I walked along the mountain river this evening in the dusk, the almost full moon behind me tapping me on the shoulder with each step I took. The water gurgled softly. I reached the place where a small stream tumbled wildly and loudly down huge boulders and rock outcroppings into the river. The sound of the rushing water overcame the gentle murmur of the old river. Youth and age, I thought. I am no longer young- yet, yet… There is such a bittersweet longing.
When I turned to go back, a soft mist had settled on the river and across the banks like a wispy bridal veil woven together by the evening whispers of wind. The mountains rose around. The moon shone brighter. My heart swelled with sorrow and gratitude. Sorrow that in twenty-one days it will be forty years since my beloved father died. My gratitude washed over my sorrow like butter on a warm finger swiping a taste, gratitude that I am still alive and have so much beauty around me, that I can see it, that I can hear the birds sing, cherish the early spring breeze, treasure my sweet family. So far, I have lived three years more than he. I notice the wild Rockets blooming along the river bank in the fading light, their petals mirroring the moon. My Papa is the one that taught me the wonders of nature.
I was 30 years old reeling from the suddenness of his death and grieving that my three small children would not get to scamper through the woods with him marveling at every tree and mushroom, not see how busy he always was, not see how he helped people, anyone that needed help, not hear the stories of his youth in the Pennsylvania countryside. I had his strength, his energy, and years of living ahead. And now, forty years have passed and I still miss him every day. How is it that the love of a good parent can never be replaced no matter how many other kinds of love come along?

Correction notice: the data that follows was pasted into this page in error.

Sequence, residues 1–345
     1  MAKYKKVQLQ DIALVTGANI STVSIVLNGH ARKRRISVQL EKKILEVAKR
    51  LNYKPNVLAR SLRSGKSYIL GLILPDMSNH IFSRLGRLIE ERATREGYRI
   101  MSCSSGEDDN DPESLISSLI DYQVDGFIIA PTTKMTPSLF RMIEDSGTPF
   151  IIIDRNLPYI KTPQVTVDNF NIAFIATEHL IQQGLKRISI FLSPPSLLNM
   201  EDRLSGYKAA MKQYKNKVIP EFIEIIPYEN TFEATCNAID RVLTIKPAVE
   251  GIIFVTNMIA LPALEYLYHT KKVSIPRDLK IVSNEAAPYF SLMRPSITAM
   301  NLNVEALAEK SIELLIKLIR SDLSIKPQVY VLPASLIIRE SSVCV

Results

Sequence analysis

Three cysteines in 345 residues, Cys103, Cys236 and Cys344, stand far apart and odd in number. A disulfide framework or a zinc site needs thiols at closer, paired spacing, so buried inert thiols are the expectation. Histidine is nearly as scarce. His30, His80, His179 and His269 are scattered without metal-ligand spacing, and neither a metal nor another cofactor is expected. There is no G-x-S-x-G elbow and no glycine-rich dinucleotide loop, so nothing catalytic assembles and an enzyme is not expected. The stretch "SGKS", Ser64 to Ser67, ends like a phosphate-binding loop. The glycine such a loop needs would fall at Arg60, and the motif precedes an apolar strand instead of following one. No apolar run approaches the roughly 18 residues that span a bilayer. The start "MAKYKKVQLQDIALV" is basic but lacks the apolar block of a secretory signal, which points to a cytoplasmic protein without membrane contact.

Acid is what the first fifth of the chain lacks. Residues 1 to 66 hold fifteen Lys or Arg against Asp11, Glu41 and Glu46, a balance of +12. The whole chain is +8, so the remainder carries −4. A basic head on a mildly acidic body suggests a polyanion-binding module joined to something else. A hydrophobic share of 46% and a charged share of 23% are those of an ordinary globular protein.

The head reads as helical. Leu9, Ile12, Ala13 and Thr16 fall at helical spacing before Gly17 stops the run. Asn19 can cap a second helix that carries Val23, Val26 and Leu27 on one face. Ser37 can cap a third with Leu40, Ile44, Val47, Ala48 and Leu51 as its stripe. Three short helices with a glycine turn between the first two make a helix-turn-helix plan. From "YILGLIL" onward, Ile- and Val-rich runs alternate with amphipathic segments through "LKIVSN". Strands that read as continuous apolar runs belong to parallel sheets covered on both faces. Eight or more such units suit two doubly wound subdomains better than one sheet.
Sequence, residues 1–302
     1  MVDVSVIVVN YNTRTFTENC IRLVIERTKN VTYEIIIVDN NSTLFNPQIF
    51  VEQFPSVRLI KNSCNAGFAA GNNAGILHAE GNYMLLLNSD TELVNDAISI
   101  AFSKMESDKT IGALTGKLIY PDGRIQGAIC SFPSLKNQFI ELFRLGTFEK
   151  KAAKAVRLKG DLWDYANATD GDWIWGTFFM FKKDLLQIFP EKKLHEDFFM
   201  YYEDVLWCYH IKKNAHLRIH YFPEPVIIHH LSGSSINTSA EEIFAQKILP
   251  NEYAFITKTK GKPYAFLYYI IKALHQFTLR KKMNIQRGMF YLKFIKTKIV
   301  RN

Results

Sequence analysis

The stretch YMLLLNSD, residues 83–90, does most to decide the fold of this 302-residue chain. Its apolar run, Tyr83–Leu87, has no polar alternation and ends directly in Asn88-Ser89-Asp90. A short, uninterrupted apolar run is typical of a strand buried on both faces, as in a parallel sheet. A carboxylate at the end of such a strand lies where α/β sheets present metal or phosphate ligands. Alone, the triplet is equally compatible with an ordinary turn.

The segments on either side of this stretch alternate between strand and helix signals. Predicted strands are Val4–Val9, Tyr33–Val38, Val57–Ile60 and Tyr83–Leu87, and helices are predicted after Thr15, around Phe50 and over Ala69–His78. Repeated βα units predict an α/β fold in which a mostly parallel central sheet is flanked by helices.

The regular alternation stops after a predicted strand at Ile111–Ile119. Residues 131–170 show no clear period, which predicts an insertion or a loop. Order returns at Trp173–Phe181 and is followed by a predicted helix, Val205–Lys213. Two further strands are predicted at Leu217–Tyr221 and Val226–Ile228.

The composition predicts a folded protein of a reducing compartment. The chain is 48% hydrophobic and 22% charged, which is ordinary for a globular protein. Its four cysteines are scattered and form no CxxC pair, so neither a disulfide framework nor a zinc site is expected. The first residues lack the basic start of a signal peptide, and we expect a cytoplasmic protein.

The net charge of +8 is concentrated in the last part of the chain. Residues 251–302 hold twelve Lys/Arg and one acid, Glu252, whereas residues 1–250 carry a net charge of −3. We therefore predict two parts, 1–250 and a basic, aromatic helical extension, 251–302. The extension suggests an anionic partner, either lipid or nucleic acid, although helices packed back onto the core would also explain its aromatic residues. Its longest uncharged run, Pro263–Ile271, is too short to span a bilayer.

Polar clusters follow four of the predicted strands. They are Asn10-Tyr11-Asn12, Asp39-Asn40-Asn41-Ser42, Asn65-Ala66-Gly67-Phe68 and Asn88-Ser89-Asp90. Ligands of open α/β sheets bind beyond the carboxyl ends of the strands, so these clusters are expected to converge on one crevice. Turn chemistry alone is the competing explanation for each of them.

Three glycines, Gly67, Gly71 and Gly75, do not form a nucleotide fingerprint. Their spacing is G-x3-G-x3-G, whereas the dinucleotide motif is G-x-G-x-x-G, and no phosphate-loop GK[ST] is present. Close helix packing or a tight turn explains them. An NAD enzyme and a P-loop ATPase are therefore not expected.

It perplexes me, that I, long grown and so long without him, still deeply miss him. Can we be fully adult if we still long for our parent? And I a parent myself. Sometimes I find myself dwelling in the sadness of knowing I can no longer remember the sound of his voice, the depth of his eyes, his laugh. How I could forget I do not know; but, then, neither can I remember my babies’ first laugh, the sounds of their first words. I do remember the dimple in his chin having studied it often with fascination as a child even though I had one myself. I remember his strong hands, his digging in the garden and sifting the dirt to get out the rocks, his integrity about his work. Perhaps, the voice like notes of music is too effervescent to be held in memory.
I once had a lover that was the age my father was when he died. I thought about it at the time and think of it now- oddly, strangely. Did my father, my mother and he estranged for many years, long for a lover? In my youth, it never occurred to me. There are so many things I never knew about him that I would talk to him about if I had another chance. The not knowing of so much of him is another piece of the sadness and longing that is nestled in my heart. When we are young we are like a coppiced tree not knowing which way to grow new branches. When we are old we have grown our branches and reached to the sun but some of our branches became brittle and fell along the way.
I cannot believe it has been forty years since my dear Papa died.